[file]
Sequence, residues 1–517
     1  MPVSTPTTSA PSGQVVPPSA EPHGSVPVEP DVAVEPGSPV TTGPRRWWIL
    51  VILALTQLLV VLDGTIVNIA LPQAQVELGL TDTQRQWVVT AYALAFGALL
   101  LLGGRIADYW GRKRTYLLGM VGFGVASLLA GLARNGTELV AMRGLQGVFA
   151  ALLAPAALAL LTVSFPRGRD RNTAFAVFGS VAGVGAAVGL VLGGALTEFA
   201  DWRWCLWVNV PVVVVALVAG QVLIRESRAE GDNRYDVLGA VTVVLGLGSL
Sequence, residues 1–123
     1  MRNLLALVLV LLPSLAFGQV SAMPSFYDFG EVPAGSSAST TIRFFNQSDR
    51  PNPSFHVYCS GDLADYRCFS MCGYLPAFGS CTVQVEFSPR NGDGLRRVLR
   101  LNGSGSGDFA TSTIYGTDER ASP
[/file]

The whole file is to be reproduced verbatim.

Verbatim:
Sequence, residues 1–517
     1  MPVSTPTTSA PSGQVVPPSA EPHGSVPVEP DVAVEPGSPV TTGPRRWWIL
    51  VILALTQLLV VLDGTIVNIA LPQAQVELGL TDTQRQWVVT AYALAFGALL
   101  LLGGRIADYW GRKRTYLLGM VGFGVASLLA GLARNGTELV AMRGLQGVFA
   151  ALLAPAALAL LTVSFPRGRD RNTAFAVFGS VAGVGAAVGL VLGGALTEFA
   201  DWRWCLWVNV PVVVVALVAG QVLIRESRAE GDNRYDVLGA VTVVLGLGSL
Sequence, residues 1–123
     1  MRNLLALVLV LLPSLAFGQV SAMPSFYDFG EVPAGSSAST TIRFFNQSDR
    51  PNPSFHVYCS GDLADYRCFS MCGYLPAFGS CTVQVEFSPR NGDGLRRVLR
   101  LNGSGSGDFA TSTIYGTDER ASP